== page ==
Tigard mayor hosts 'Late Night' State of the City
As the saying goes: If it ain't broke, don't fix it.
While Tigard's 2021 State of the City event was done virtually instead of in person — usually held at the Broadway Rose Theatre Co., featuring some prerecorded video segments, it moved entirely onto YouTube this year due to the ongoing coronavirus pandemic — it followed a format that has become familiar since Jason Snider was sworn in as mayor in 2019.
Snider first hosted "Late Night in Tigard," featuring interviews from behind a desk and homages to classic late-night talk show segments, two years ago.
Last year's event, held at Broadway Rose weeks before the first COVID-19 case was detected in Oregon, reprised the theme.
The 2021 event took the form of an hourlong "late-night" program, replete with all the trappings: a desk, a slickly produced introductory montage and credits, and even canned laughter from a faux studio audience.
The program premiered on YouTube at the decidedly non-late hour of 6 p.m. Wednesday, April 7.
Like several other mayors have done in their own virtual-format State of the City events this year, Snider let his guests do much of the talking.
Responding to crises
The program highlighted Tigard's financial support for local businesses and nonprofit groups during the COVID-19 crisis.
Ben Bowman, a Tigard-Tualatin School Board member and cofounder of the group Packed With Pride, told Snider that a grant from Tigard last year allowed his group — which began assembling food boxes for Tigard-Tualatin School District families in need after schools were shut down in March 2020 — to feed 10,000 more people.
"This was a critical service for our community," Snider responded.
Business owners Beth Koblegarde Irwin of Shears Ahead and Matthew and Lydia Hickox of Empyre Barbers also appreciated Tigard's support during the pandemic.
"Tigard has embraced us and really has checked up on us through this pandemic to see how we were doing," Lydia Hickox said. "That really meant a lot to Empyre Barbers."
The video also featured several members of the Tigard Public Safety Advisory Board, which the Tigard City Council commissioned last year after the death of George Floyd in Minneapolis.
"We have people who have very clear viewpoints and very clear backgrounds that they bring to the table, and everybody's got a perspective, which I think is great," said board member Valerie Sasaki, "because we really want people to be able to respectfully exchange ideas and figure out how can we make Tigard stronger? How can we support our police and support our community, with the idea that it's not a zero-sum game?"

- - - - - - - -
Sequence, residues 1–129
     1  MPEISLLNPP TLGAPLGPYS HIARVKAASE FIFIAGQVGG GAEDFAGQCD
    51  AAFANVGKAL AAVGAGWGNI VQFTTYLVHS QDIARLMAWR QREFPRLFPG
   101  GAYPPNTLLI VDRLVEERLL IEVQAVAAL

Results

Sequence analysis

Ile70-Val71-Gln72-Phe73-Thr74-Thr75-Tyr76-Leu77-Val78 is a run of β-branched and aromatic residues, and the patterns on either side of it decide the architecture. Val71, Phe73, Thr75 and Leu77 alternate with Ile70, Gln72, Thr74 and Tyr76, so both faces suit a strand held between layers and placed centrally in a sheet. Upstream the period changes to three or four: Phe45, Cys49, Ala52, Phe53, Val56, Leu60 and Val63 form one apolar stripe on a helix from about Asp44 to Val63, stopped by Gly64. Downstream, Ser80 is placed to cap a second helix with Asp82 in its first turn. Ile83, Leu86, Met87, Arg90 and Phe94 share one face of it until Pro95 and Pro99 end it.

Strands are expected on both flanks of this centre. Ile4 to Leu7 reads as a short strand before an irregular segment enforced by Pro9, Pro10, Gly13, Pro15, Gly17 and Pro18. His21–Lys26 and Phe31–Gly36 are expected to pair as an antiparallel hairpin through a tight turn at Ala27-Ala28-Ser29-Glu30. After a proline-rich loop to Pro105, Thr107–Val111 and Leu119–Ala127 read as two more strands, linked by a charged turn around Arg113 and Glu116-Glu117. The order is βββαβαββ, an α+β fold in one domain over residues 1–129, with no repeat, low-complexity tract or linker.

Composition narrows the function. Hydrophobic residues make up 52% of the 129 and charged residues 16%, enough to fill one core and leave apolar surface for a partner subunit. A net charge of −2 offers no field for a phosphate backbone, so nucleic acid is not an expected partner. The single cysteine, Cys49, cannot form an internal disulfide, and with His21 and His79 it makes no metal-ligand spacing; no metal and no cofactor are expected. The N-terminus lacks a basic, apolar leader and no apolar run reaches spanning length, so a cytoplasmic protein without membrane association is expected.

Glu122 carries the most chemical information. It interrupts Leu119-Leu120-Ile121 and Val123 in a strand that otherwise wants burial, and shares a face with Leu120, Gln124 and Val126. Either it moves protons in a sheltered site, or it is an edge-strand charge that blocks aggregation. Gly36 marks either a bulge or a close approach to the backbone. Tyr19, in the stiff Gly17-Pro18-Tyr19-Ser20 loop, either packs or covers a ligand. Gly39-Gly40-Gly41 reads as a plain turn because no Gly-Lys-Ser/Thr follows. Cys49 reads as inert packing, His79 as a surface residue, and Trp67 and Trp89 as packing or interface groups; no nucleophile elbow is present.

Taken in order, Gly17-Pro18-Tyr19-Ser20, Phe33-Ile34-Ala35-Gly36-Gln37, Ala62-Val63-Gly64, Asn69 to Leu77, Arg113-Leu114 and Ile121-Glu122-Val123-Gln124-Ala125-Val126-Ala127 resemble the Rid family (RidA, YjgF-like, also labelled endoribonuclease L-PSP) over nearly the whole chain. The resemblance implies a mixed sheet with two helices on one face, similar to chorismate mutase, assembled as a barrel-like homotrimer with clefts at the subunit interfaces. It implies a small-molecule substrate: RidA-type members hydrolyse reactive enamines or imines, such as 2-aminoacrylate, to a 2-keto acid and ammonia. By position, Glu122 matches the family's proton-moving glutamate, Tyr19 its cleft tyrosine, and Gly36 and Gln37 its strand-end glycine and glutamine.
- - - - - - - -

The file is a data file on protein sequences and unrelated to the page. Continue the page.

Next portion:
Sasaki added, "I've been really pleased with the level of empathy that some of our fellow board members have shown, the participation of the police — I think it's been really positive so far, and I think it will be really positive going forward."
Another recurring theme of the program was Tigard leaders' push to build a new civic center, consolidating city offices, police and other city services into a single, modern building with more space for employees than the existing City Hall complex can offer.
The new facility would be built where the Tigard Public Works Building now stands.
Both City Hall and the Public Works Building are aging. Kenny Asher, Tigard's community development director, made the argument that if city voters don't back a ballot measure to pay for a new building, the city will still end up having to pay — in the form of maintenance and repairs for its existing buildings, as well as lease costs for additional office space.
Asher, who has worked for Tigard since 2012, has overseen much of downtown Tigard's redevelopment over the past decade. City officials have worked to transform a grungy, oft-overlooked part of the city beneath State Highway 99W, signed locally as Southwest Pacific Highway, into a charming, vibrant mixed-use district.
Asher framed the drive for a new civic center as part of that years-long effort.
"You don't have to be a community development director to know that if you want a vibrant downtown, you probably shouldn't put a maintenance yard for your public works facility down there," Asher said. "We have a lot of legacy uses in the downtown, and it's only now finally starting to become the downtown that everybody wants."
By freeing up city-owned land that is used for parking and public works and selling land for residential development, Asher estimated, Tigard could add 500 housing units in the downtown area alone. He said the "number one" need for downtown Tigard now is more housing, including affordable housing, to make it a complete neighborhood.
"We want all kinds of people being able to live downtown," Asher said.
The program also included a brief "Mayor Walking" segment with Snider, wearing a fabric mask and wielding a long boom microphone, interviewing city residents and visitors outside Symposium Coffee on Southwest Main Street about what they like about downtown Tigard. Snider took the opportunity to educate several interviewees about the age and inadequate size of Tigard's police station, as well as to fish for compliments about his job performance as mayor.
Other local officials, including Tigard city councilors and U.S. Rep. Suzanne Bonamici, had brief video appearances during the program, which was a joint production between Tigard and Tualatin Valley Community Television.
The video was directed by Kevin Howard.
By Mark Miller
Editor-in-Chief, Washington and Columbia counties
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